If you’ve ever experienced the joy of gardening, you will appreciate the wonderful benefits of pruning off all the dead leaves and twigs after a hard season of winter.
When we ourselves experience God’s pruning in our lives, we assume that He too is cutting off all the dead things in our lives.
However, I recently heard an insightful sermon that gave me a different perspective to God’s kind of pruning and His purpose for it in our lives. 
Unlike winter pruning, God also prunes us during Spring and Summer seasons by thinning out our growth to help our fruits grow better and bigger. By fruits, I’m not only referring to our fruits of the spirit, but our Christian growth in general.
All pruning is painful, but we need to understand that God’s purpose for it, is to help change us so that we can better fulfill our purpose and destiny, thus enabling a more joy filled life.
We can see this kind of pruning throughout the Bible, through the testimonies of men like Joseph. So often we experience testing times after a spiritual victory, which is God’s way of snipping off our ego and keeping the glory on Him instead of on ourselves.
Much like plants, God’s pruning builds character by removing over-mature, weak, problematic & excessive growth, so that we can produce a bigger yield of better, longer-lasting, more durable fruit.
Our fruit is not only for our benefit, but also for the building of God’s kingdom. When we allow our growth to remain uneaten within us, it becomes overripe and inedible, and will be pruned from us.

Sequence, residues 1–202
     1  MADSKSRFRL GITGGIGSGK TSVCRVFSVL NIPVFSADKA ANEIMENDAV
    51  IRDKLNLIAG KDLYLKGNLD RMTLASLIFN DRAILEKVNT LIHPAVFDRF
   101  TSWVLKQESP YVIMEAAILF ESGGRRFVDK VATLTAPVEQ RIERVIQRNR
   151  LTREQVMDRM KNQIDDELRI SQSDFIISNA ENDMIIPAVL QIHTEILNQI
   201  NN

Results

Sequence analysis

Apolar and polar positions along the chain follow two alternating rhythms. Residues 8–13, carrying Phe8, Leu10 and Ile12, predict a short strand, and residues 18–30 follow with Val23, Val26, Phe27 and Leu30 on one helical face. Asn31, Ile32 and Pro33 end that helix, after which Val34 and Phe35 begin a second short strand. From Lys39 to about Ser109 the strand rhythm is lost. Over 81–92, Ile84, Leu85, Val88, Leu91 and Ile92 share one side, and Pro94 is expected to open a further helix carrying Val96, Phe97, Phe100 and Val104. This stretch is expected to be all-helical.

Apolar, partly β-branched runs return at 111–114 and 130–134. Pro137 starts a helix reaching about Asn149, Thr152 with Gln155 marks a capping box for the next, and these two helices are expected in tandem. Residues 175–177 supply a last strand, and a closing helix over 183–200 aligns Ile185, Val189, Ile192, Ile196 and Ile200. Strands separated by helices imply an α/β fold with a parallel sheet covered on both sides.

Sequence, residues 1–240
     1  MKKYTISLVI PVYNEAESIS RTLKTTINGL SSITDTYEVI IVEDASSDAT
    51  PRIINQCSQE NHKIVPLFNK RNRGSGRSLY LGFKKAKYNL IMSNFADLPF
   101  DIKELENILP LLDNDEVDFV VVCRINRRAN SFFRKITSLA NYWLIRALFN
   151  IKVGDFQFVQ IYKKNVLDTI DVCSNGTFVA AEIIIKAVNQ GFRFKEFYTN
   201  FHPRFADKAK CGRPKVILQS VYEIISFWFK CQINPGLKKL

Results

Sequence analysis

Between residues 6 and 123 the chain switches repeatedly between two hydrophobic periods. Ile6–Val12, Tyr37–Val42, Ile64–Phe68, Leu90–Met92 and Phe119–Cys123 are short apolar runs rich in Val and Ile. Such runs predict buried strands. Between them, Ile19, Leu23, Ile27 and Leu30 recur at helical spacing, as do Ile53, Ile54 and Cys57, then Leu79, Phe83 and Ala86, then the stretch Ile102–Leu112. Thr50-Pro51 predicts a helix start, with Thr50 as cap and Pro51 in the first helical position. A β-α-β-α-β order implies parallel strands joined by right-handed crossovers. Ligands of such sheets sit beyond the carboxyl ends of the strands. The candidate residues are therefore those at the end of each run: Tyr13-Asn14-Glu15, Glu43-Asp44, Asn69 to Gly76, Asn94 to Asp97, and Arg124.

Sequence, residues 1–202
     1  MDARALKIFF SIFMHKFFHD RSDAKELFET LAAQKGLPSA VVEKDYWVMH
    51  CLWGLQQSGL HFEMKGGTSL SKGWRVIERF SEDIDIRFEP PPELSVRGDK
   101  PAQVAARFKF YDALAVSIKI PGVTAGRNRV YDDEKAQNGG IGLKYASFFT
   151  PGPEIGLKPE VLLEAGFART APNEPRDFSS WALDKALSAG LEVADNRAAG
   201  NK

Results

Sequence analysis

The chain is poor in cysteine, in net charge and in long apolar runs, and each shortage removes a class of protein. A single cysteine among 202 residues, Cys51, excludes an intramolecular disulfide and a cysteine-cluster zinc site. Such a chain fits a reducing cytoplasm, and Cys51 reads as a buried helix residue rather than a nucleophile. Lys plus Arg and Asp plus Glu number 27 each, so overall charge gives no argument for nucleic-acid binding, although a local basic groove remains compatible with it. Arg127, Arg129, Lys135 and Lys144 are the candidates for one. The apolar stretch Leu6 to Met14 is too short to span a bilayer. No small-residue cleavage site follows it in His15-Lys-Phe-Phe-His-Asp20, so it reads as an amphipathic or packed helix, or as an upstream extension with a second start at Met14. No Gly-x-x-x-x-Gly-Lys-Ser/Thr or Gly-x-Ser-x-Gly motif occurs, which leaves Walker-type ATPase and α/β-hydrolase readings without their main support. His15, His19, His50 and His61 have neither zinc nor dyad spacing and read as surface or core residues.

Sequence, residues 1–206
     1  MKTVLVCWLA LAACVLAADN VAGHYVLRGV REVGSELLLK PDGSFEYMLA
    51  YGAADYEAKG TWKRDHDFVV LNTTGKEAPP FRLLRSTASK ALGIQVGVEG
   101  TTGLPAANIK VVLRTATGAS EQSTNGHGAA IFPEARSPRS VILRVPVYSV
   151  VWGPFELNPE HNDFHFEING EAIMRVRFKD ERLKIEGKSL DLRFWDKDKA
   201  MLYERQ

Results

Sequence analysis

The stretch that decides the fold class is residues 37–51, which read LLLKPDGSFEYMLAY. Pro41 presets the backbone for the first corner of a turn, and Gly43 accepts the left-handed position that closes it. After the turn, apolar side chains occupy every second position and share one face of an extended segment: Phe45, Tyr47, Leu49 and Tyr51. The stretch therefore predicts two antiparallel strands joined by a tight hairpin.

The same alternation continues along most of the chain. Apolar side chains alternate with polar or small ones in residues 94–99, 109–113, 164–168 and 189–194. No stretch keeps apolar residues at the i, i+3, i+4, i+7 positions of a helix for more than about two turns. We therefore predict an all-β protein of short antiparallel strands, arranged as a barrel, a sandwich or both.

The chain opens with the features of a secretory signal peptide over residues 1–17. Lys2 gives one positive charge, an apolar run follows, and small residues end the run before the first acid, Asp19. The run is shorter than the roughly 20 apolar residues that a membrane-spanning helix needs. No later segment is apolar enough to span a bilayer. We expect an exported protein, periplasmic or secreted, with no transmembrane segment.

When we submit to God’s pruning, we inevitably become better, more mature Christians with better, bigger more life-changing fruit (growth).
If you are going through a tough time right now, I challenge you to ask yourself what is God trying to prune out of your life? Is it people, like aphids that are eating away at your growth; is it securities and things that you have become too dependent on; or is there pride, ego or offenses that need to be pruned out of you?

Tuesday, 22 January 2019

Rest for the Week

Working for a Jewish boss, I have often admired his family’s devout observance of the Shabbat, the commandment to keep the Sabbath holy, and have at times pondered the concept of what this means.

As Christians, we tend to believe that the Sabbath commandment only applies to Jewish followers, as a law to be strictly adhered to, and that it is not necessary for the rest of us. Having recently heard an insightful sermon on the Sabbath, I have had a change of heart and am intrigued what it could mean for all Christiams. 

It is the fourth commandment in the Old Testamentand even though many Christians interpret Hebrews 4 as Jesus becoming our restI am also seeing a purpose and a need for setting aside one day a week to recharge ourselves physically, and to reconnect with God, to refresh and strengthen us spiritually.

There are many verses in the Bible that urge us not to work on the Sabbath or do anything in pursuit of our own interests. (See Isaiah 58:13-14) Yet, instead of seeing this as a legalistic law, we need to realise that rest is not meant to be a reward or a luxury, but a necessity of life, something we tend not to allow ourselves enough of, without feeling guilty.

We’ve chosen to ignore the need to rest, choosing instead to be fearful of not getting everything done, or running out of time to finish all the tasks on our to-do list.  Yet, God promises us that a Sabbath rest is a fruitful time and that when we observe it with a willing, holy attitude, He will provide provision in place of it, like He did with the manna for the Israelite's.

We should not see it as an obligation to NOT do ANY work, but rather as an opportunity to seek God and find rest in the process.  When we change our perspective of it, the Sabbath becomes the Lord’s gift to us and is no longer a law or a burden, but an invitation to be blessed with much needed rest.